Unfair contract terms protections for small businesses
Treasury Legislation Amendment (Small Business and Unfair Contract Terms) Act 2015
From 12 November 2016, the Australian Consumer Law (ACL) and the Australian Securities and Investment Commission Act 2001 (Cth) (ASIC Act) will be amended to extend unfair contract term protections currently afforded to consumers to also cover standard form small business contracts.
The rationale for the amendments is a general acceptance that some small businesses, like consumers, lack the resources or skills to fully understand the implications of contract terms. In the absence of adequate protections, there is little to stop larger businesses including unfair terms in standard form contracts offered to small businesses. The policy aim is to achieve a more appropriate balance between protecting potentially vulnerable small businesses and allowing businesses to contract freely with each other.
The amendments do not extend to contracts regulated under the Insurance Contracts Act 1984 (Cth).
The new law
From 12 November 2016, section 23 of the ACL and section 12BF of the ASIC Act will read:
A term of a consumer contract or small business contract is void if:
- the term is unfair; and
- the contract is a standard form contract.
What is a small business contract?
A small business contract exists if, at the time that the contract is entered into, at least one party to the contract is a business that employs fewer than 20 persons and either the upfront price payable under the contract does not exceed $300,000 or the contract has a duration of more than 12 months and the upfront price payable under the contract does not exceed $1,000,000.
What is a standard form contract?
“standard form contract” is not defined, but undoubtedly includes a contract prepared by one party that is not subject to negotiation. That is, a contract offered on a “take it or leave it” basis.
When is a term “unfair”?
A term will be unfair if it:
- causes a significant imbalance to the parties’ rights and obligations under the contract;
- is not reasonably necessary to protect the legitimate interests of the party who would benefit from the term; and
- would cause financial or other detriment to a small business if it were to be relied upon.
Again, the ACL and ASIC provide non-exhaustive list of examples of terms that may be unfair, including terms that:
- enable one party (but not another) to avoid or limit their obligations under the contract;
- enable one party (but not another) to terminate the contract;
- penalise one party (but not another) for breaching or terminating the contract; and
- enable one party (but not another) to vary the terms of the contract.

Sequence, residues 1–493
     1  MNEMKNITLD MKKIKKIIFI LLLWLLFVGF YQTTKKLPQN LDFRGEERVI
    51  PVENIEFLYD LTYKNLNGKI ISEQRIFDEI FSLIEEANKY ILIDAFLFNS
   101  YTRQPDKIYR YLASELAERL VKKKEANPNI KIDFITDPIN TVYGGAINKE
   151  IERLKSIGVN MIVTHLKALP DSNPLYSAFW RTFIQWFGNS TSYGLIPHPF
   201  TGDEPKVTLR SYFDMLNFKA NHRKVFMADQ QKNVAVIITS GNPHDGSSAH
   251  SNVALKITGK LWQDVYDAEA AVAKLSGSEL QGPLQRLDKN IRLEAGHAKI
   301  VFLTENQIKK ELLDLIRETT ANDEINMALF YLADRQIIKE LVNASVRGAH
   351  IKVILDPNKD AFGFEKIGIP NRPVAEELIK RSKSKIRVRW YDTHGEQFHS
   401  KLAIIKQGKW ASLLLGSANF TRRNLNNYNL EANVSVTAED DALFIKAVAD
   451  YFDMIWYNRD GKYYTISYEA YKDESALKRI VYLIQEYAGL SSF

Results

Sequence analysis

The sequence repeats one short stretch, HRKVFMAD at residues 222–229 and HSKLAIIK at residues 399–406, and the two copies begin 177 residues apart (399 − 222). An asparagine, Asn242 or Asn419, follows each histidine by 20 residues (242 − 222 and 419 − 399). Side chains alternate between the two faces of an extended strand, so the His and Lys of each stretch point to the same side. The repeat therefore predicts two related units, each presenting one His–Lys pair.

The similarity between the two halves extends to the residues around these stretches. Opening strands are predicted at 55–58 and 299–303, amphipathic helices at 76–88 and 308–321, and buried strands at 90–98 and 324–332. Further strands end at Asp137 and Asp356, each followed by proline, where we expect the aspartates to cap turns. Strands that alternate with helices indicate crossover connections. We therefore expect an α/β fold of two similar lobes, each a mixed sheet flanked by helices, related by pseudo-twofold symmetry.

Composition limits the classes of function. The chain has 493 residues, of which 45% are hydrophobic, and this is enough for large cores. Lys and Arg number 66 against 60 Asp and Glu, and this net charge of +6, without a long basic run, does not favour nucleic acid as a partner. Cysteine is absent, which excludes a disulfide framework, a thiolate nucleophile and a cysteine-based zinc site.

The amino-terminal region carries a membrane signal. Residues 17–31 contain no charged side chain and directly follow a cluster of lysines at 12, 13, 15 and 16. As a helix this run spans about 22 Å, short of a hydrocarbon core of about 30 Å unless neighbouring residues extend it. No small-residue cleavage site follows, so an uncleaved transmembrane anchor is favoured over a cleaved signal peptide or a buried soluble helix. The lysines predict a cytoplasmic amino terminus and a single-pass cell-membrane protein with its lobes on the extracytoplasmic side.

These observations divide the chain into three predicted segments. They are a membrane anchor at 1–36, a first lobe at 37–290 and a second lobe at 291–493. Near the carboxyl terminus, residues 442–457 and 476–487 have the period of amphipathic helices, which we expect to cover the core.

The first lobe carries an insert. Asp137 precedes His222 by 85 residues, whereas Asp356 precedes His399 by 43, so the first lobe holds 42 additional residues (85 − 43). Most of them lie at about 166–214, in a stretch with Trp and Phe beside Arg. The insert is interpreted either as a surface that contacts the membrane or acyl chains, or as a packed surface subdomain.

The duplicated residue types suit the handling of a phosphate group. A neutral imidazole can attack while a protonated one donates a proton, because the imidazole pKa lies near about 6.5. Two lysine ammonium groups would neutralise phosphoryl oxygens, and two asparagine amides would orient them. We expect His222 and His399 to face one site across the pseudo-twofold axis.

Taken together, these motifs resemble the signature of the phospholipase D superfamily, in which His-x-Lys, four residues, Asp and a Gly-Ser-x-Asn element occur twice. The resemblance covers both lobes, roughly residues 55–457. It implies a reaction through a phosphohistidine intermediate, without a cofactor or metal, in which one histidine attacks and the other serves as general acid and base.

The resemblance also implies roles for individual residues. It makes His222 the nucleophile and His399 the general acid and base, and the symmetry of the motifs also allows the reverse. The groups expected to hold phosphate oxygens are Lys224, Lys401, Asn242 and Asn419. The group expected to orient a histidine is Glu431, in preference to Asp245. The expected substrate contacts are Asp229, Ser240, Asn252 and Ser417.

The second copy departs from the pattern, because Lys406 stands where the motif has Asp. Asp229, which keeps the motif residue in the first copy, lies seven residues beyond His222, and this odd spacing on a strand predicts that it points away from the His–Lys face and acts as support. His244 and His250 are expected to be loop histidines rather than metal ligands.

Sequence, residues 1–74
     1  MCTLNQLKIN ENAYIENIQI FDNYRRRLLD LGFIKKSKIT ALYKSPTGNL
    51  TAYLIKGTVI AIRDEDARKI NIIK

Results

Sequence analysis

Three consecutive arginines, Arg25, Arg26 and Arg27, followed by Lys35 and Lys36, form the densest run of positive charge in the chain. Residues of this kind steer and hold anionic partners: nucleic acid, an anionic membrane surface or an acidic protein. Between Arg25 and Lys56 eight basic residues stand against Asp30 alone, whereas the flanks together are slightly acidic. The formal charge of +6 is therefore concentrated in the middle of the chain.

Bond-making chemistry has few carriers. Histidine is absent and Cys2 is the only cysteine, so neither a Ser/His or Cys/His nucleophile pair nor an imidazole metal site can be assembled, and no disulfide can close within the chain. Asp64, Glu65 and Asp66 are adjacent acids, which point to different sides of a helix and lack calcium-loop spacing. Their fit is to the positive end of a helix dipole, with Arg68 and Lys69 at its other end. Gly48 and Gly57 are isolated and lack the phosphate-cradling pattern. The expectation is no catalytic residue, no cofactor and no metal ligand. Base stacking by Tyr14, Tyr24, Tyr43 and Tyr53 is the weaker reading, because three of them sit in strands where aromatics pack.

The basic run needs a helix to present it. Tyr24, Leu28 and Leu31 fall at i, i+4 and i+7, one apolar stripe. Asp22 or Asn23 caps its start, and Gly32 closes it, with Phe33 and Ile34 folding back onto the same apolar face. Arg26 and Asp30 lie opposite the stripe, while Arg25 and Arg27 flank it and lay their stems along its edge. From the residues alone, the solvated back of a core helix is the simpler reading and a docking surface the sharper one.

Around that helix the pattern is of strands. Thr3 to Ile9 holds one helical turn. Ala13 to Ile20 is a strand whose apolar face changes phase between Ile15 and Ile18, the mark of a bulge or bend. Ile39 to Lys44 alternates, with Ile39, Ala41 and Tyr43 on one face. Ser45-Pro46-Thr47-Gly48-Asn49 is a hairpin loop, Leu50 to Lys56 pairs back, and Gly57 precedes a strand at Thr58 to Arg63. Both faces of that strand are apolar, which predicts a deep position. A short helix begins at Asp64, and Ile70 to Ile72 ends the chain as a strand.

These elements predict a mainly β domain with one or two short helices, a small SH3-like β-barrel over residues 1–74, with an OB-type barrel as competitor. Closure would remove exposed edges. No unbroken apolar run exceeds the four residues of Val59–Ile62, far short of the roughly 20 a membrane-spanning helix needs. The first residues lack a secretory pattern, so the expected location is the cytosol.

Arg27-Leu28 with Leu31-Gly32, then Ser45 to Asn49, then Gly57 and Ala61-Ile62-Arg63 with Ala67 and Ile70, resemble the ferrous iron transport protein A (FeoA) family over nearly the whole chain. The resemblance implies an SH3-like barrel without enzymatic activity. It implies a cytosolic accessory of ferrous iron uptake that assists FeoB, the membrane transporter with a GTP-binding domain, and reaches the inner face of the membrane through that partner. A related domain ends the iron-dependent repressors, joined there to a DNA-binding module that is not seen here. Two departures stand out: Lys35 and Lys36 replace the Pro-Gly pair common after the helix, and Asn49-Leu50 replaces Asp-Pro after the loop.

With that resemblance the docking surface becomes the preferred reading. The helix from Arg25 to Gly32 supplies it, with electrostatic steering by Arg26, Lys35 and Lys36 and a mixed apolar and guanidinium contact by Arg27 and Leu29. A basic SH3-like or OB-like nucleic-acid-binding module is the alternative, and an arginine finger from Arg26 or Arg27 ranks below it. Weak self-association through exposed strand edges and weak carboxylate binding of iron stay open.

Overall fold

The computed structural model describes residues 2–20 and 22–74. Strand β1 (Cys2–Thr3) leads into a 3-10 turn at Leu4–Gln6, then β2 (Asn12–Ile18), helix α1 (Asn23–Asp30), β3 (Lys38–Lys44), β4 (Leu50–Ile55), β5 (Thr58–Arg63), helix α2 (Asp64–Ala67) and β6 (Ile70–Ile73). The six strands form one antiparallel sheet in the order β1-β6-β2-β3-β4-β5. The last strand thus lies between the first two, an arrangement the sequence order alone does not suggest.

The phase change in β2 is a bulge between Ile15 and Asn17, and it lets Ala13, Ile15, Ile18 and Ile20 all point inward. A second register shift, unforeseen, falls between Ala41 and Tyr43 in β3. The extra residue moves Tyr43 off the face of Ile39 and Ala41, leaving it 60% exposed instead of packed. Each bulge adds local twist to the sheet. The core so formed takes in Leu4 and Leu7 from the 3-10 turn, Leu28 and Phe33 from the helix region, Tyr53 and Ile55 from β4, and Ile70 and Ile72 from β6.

The changes do not apply to a term that:
- defines the main subject matter of the contract;
- sets the upfront price payable under the contract; or
- is required, or expressly permitted, by a law of the Commonwealth or a State or Territory.
If a Court or Tribunal finds that a term is unfair, the term will be void. The balance of the contract can still continue to bind the parties, but only if it can operate without the unfair term.
The Court has the power to make a range of orders, including:
- declaring all or part of a contract void;
- varying a contract;
- refusing to enforce some or all terms of a contract;
- directing a party to refund money or return property to the small business affected; and
- directing a party to provide services to the small business affected at the party’s expense.
It is not an offence to include an unfair term in a small business contract and there are no pecuniary penalties for doing so. However, if a person attempts to enforce a provision of a contract that is declared unfair, remedies can apply (including compensation).
The new regime may well have its most significant impact on the construction industry, where standard form contracts between head contractors and sub-contractors are commonplace.
For example, some liquidated damages clauses may fall foul of the new regime. Similarly, unilateral variation clauses, time bar clauses, limitation of liability clauses and termination clauses, all frequently found in construction contracts, could conceivably also be declared void.
Even though contracting out the proportionate liability regime can cause a significant imbalance to the parties’ rights and obligations under a contract, it is arguable that the unfair contract terms amendments will not prohibit contracting out of the proportionate liability regimes in New South Wales, Tasmania and Western Australia. This is because the unfair contract terms amendments specifically provide that a term will not be unfair if it is expressly permitted by a law of a state.
Businesses regularly involved in transactions with small businesses should review their standard form contracts for any terms that could potentially fall foul of the new regime.
Date: 25 October 2016